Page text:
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Review: Piano Recital by Imogen Cooper

2015/6/25 — 14:28

【Text by Leonard IP】

Imogen Cooper is the kind of pianist who, as the saying goes, puts herself entirely to the service of music. In a way this is to say that her performance draws attention not to pianistic performance per se but to the expression of music through the performance. The relatively “un-showy” programme hinted at this, and Cooper’s impeccable pianistic finish, the cherry on the cake, made this one of the most gratifying recitals I have been to.

She opened with the Barcarole, one of Chopin’s transcendent masterpieces. The piece’s basic rhythmic resemblance to the Italian gondoliera often provokes various degrees of dance-like treatment - not so with Cooper, who started out with a pace almost too slow to dance to. Yet the gentle ripples under her fingers had a sense of serenity that put all urges to dance to rest, and though relaxed her grip on the narrative never loosened. Slowing everything down, Cooper spun singing lines with a mesmerizingly refined cantabile and countless shades of nuances. The final apotheosis was exultant but not explosive, and with an aftertaste of dignified passion that proved more deeply soothing than most interpretations.

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The dexterity and tonal control Cooper demonstrated in the Barcarole indicated she was, aged 65, technically very secure. Schumann’s dispersive Humoreske came off convincingly as a series of mood paintings, whose emotional and expressive variety Cooper fulfilled at every turn with a patrician air of ease and, when needed, power. Her layering of voices was executed with a superb legato, aided by a warm and full-throated sonority in chordal sections.

A characteristic of Cooper’s phrasing, especially when, in order to be expressive, she prefers to be slow rather than fast, is its capacity to sustain a line with rubato. While it added much to the poetry in the Barcarole and the Humoreske, some of the squarer numbers in Schubert’s German Dances D. 790 (the first, for example) sounded slightly out of shape. Not only did Cooper teased with the pulse, she also consciously gave prominence to the top voice in chordal passages. The lighter waltz numbers were the best: Cooper’s feeling for the Viennese lilt (a kind of indescribable rubato between the second and third beat) was genuinely beguiling. The set of dances ended up sounding beautiful and melodious (instead of rustic and invigorating, as in some interpretations), which certainly pleased the audience as it came to a quiet and unexpected end.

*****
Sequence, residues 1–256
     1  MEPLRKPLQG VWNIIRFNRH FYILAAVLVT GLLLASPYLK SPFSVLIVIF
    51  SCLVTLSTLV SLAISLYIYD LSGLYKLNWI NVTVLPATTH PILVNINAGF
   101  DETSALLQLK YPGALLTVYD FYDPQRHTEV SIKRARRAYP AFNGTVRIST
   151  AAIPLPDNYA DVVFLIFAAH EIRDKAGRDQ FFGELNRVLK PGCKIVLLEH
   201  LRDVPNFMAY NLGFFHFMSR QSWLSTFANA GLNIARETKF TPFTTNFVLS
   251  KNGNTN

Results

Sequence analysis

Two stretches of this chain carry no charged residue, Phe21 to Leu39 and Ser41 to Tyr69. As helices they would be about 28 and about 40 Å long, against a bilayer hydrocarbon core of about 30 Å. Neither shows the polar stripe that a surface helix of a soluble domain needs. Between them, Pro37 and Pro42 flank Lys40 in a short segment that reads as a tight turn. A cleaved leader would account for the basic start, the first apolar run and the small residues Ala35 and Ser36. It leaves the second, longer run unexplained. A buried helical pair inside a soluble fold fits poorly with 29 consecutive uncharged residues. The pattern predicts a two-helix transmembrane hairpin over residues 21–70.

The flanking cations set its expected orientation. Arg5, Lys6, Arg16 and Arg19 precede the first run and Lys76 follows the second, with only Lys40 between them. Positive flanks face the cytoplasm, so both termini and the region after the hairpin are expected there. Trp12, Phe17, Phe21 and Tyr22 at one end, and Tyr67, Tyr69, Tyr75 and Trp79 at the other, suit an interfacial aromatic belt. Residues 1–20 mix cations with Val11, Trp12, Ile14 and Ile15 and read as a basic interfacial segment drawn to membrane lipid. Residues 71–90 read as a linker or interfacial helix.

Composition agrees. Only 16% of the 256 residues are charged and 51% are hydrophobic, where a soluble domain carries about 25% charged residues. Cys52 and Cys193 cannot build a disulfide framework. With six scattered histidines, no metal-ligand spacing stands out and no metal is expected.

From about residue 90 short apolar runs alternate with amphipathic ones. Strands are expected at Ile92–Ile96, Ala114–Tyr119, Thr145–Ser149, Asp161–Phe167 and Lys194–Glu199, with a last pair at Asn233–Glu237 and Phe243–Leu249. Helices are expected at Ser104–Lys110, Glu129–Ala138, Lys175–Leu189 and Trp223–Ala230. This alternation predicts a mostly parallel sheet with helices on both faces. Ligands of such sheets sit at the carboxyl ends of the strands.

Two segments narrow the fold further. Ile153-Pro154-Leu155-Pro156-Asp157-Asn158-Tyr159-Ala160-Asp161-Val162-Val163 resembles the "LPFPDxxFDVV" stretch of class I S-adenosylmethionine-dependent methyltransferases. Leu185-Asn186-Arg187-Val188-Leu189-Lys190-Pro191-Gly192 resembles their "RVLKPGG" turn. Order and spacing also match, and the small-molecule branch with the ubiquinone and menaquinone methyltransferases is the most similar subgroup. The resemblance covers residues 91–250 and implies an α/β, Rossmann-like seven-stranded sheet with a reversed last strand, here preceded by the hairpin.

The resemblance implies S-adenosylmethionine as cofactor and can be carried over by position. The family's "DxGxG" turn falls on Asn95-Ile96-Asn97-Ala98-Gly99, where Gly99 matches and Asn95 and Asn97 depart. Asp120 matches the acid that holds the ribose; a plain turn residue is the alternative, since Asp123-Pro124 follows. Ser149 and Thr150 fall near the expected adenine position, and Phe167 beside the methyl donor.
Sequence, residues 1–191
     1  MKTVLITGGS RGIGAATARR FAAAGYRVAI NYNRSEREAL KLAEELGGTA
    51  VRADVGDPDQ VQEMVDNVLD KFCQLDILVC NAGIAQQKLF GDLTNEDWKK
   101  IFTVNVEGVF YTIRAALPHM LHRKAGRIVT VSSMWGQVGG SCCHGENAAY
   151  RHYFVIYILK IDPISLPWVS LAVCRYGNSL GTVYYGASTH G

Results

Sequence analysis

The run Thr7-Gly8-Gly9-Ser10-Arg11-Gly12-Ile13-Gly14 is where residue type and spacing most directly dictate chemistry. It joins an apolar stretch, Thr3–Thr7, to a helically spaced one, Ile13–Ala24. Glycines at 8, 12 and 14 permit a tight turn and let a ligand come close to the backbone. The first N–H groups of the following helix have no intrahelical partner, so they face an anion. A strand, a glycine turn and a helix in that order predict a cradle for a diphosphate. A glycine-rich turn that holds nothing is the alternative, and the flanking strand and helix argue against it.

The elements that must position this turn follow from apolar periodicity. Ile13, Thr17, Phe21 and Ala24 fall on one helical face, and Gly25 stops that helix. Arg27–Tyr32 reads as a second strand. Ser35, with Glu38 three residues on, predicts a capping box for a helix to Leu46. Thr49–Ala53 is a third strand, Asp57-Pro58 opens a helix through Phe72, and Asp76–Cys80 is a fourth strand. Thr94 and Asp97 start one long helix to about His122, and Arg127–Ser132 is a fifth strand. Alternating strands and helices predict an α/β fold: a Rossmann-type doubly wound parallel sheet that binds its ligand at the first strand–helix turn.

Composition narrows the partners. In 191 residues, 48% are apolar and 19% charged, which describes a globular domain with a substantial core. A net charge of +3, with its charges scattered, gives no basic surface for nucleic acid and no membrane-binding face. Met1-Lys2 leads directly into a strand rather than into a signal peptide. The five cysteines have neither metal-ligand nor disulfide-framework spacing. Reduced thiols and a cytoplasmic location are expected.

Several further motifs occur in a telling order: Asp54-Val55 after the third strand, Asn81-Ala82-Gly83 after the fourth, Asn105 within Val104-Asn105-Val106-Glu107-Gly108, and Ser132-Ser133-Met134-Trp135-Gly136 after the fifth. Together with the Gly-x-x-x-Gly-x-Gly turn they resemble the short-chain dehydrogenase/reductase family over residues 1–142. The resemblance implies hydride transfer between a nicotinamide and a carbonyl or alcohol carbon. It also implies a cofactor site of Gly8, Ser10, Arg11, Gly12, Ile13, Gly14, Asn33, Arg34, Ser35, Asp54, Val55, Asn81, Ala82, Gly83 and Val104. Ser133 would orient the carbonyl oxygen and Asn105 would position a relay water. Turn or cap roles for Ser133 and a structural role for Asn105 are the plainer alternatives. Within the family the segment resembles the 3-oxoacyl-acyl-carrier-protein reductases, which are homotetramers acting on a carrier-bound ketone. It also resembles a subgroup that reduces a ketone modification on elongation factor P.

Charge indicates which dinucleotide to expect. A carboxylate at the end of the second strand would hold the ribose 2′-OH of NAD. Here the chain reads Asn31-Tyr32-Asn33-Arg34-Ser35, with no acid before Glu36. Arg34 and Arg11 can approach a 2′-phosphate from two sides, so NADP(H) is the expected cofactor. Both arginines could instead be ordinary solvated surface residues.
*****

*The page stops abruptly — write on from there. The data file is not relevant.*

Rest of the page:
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The D. 959 Sonata was, naturally, the highlight of the night. This was Schubert as his most original and profound, and musical expression at its richest and purest. Cooper’s rendition was one that is completely without pretence, emanating both confidence and humility in its unhurried process of unfolding. In terms of pianism and imagination, it was a tour de force: the several reiterations of the second theme in the first movement were each imbued with different degrees of exquisite pianissimi; the climaxes in the first and last movements were treated in a way that reminded me of the late Celibidache’s Bruckner: the accumulation of power was long and evenly drawn out, and its release was massive rather than pungent. In general, Cooper’s way with dramatic tension and especially the pauses that contributes to the tension allowed them to fully breathe, which was tantamount to allowing them to be fully experienced in the acoustic space of the hall.

Musically, if Cooper’s rendition didn’t go down the abyss of existential suffering as some did (Sokolov and Richter come to mind, although Richter only recorded D. 958 and 960), it spoke of patience, faith and sympathy. Two particular instances in Cooper’s performance struck me as revelatory: in both the coda of the first movement and the passage just before the coda of the finale the narrative seems to be fragmentized, or come to a halt, as if, after a journey fraught with difficulties, it has exhausted itself. While the first movement went on to end in a mood of resignation, and the finale with a final affirmation of vital strength, the way Cooper caressed (as if with a loving smile - I didn’t really look at her face) these momentary phrases that were incapable of completing themselves was - alas - human, all too human. The thought also came to me when she almost seemed to have exceeded her own strength in a few hesitantfortissimo chords (just after the central outburst in the Andantino), a passage that evidently went so much against Schubert’s own gentle temperament he must have written them in torment.

In sum, then, a great success. Cooper looked pleased as the applause went on and gave a small encore: the F minor Moment musicaux (D. 780). The touch was by turns crisp and gentle, and ended like a brief breeze. Music-making like this does not come by easily, and tonight it makes a nice case for inviting serious artists without big names to town. 

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